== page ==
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TEST: Costumes 102: After the Show

TEST: Costumes 102: After the Show

In a previous blog, “Costumes 101: Before and During the Show,” Production Manager Megan West revealed how costumes are created or acquired and handled before and during the show.  But what happens to them after the play is over?

Park Square Theatre has minimal space for costume storage, and outside storage is expensive so very little is kept after a play is done.  Rented items are returned, actors may purchase costumes, and leftovers are donated.  Only very specific items that may be reused, such as Nero Wolfe’s yellow pajamas, and common stock that are often needed, such as white dress shirts, tailcoats, some shoes, wig heads and petticoats (great to wear during rehearsals if actors need to get used to the motion of full skirts), are stored.  During the summer, West goes through the labeled and well-organized bins again to look for overstock that can go.  Her rule for shoes:  If the lid no longer fits on the bin, then get rid of something.

     Costumes in Storage           Costumes Storage

Costumes in Storage

 The exception to the “toss rule” has been a collection of at least a dozen boxes of vintage wear by deceased costume designer Jack Edwards, whose career spanned over 50 years, taking him from Broadway to the Guthrie Theater.  Restoration cost for these handmade and sometimes fragile items would be costly, but thus far no person or organization has been interested in taking them as a donation to archive or use for educational purposes.  Every item in each box has been catalogued (numbered, photographed, and indexed).

Megan West with dress by designer Jack Edwards

Megan West with dress by designer Jack Edwards

The costume storage area is kept as orderly as possible with everything in its place, ready to be used for yet another show.

 

Costumes 102: After the Show

In a previous blog, “Costumes 101: Before and During the Show,” Production Manager Megan West revealed how costumes are created or acquired and handled before and during the show.  But what happens to them after the play is over?

Park Square Theatre has minimal space for costume storage, and outside storage is expensive so very little is kept after a play is done.  Rented items are returned, actors may purchase costumes, and leftovers are donated.  Only very specific items that may be reused, such as Nero Wolfe’s yellow pajamas, and common stock that are often needed, such as white dress shirts, tailcoats, some shoes, wig heads and petticoats (great to wear during rehearsals if actors need to get used to the motion of full skirts), are stored.  During the summer, West goes through the labeled and well-organized bins again to look for overstock that can go.  Her rule for shoes:  If the lid no longer fits on the bin, then get rid of something.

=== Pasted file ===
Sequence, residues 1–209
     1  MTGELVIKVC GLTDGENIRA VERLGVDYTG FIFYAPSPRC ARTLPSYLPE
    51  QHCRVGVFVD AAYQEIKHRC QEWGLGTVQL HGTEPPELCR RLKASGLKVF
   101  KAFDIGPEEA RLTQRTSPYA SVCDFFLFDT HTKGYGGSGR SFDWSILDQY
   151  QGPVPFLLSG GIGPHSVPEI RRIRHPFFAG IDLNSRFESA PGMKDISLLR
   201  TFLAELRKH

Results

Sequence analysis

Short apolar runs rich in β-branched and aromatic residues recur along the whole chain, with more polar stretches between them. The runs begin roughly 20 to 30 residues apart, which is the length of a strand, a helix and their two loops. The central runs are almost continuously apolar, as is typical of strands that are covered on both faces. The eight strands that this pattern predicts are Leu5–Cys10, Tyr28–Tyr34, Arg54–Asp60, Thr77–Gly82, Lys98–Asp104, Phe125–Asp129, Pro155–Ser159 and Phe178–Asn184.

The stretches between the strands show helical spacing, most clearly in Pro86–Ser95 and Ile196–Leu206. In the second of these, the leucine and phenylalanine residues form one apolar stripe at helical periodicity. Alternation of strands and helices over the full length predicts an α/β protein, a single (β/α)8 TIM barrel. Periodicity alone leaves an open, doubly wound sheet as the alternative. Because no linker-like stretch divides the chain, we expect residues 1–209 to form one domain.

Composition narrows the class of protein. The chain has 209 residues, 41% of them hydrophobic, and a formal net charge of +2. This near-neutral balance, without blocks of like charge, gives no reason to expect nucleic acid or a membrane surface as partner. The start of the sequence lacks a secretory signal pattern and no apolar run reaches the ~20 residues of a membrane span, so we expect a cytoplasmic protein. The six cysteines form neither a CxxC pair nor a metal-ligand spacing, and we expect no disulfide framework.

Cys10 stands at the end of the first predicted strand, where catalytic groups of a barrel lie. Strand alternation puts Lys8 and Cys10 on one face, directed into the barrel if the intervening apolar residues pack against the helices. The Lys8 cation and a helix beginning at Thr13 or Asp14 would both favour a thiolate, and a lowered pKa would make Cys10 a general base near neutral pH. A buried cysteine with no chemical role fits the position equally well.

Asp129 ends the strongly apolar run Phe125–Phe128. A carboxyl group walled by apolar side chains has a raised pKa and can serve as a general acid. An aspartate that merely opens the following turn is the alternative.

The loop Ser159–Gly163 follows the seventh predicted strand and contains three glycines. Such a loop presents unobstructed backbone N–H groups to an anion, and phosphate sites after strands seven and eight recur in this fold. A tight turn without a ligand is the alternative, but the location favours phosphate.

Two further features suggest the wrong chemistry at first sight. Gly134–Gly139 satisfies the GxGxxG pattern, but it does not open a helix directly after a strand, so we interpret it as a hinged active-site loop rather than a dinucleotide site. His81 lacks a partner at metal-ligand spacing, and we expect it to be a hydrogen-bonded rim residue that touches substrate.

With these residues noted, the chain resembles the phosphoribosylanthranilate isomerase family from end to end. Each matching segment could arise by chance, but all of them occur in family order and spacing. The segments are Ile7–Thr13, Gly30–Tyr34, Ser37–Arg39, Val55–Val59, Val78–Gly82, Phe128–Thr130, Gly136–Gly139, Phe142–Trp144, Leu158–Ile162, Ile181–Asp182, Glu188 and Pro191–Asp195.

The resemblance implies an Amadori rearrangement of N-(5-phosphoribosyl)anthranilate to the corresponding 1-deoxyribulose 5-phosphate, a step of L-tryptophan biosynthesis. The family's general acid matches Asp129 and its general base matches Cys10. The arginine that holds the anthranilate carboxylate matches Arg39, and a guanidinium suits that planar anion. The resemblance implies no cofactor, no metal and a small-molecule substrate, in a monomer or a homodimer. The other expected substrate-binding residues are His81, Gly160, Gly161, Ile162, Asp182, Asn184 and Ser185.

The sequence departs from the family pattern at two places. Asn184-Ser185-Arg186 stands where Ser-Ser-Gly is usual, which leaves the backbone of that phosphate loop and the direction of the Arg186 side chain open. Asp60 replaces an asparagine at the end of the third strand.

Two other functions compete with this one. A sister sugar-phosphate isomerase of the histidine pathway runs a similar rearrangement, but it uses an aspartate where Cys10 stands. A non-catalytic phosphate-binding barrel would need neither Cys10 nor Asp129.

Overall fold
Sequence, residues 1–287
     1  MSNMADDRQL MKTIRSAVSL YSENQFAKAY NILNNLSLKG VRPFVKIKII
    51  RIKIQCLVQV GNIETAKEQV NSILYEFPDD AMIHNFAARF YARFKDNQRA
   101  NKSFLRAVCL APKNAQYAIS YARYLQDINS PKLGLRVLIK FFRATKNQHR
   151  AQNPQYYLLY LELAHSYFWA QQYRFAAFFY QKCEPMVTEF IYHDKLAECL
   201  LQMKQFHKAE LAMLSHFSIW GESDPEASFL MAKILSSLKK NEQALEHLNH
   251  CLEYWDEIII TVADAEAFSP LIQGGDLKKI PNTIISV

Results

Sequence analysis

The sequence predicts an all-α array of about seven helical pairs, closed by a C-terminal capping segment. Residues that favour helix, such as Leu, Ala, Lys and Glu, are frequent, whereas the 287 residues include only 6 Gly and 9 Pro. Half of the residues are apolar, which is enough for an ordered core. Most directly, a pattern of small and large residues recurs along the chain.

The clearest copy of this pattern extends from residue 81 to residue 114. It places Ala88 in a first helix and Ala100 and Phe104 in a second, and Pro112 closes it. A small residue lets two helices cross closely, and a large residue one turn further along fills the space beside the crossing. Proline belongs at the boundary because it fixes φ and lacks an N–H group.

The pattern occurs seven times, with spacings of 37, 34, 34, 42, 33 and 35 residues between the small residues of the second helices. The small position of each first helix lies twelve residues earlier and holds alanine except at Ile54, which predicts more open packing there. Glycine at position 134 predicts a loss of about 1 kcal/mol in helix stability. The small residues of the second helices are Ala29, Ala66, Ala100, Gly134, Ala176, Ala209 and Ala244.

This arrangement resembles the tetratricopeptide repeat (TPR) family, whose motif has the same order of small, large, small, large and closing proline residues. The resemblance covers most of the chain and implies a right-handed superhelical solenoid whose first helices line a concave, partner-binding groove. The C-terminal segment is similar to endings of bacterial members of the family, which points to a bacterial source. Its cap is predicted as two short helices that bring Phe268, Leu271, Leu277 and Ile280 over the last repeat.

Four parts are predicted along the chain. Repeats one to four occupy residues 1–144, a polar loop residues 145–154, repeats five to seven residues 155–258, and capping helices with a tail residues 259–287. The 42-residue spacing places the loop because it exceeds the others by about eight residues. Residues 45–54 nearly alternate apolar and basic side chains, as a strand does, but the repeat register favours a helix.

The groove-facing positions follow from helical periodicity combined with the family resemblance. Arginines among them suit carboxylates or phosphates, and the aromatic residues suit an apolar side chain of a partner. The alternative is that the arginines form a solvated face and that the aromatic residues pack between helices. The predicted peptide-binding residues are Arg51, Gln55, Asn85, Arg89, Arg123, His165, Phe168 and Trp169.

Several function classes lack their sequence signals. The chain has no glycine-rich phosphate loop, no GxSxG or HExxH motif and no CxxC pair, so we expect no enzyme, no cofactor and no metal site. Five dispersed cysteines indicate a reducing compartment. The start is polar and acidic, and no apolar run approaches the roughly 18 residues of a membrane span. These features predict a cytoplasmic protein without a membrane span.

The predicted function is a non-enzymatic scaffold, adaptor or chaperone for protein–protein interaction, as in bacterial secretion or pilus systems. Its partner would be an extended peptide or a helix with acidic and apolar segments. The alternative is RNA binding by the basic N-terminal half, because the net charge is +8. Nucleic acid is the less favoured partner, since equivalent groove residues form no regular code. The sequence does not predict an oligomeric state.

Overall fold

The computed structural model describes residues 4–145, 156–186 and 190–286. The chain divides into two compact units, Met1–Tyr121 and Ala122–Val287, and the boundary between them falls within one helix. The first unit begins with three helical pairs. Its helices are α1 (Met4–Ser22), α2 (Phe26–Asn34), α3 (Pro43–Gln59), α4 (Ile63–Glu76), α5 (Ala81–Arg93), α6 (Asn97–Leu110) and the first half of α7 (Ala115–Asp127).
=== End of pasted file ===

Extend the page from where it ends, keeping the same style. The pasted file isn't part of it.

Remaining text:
Costumes in Storage           Costumes Storage

Costumes in Storage

 The exception to the “toss rule” has been a collection of at least a dozen boxes of vintage wear by deceased costume designer Jack Edwards, whose career spanned over 50 years, taking him from Broadway to the Guthrie Theater.  Restoration cost for these handmade and sometimes fragile items would be costly, but thus far no person or organization has been interested in taking them as a donation to archive or use for educational purposes.  Every item in each box has been catalogued (numbered, photographed, and indexed).

Megan West with dress by designer Jack Edwards

Megan West with dress by designer Jack Edwards

The costume storage area is kept as orderly as possible with everything in its place, ready to be used for yet another show.

 

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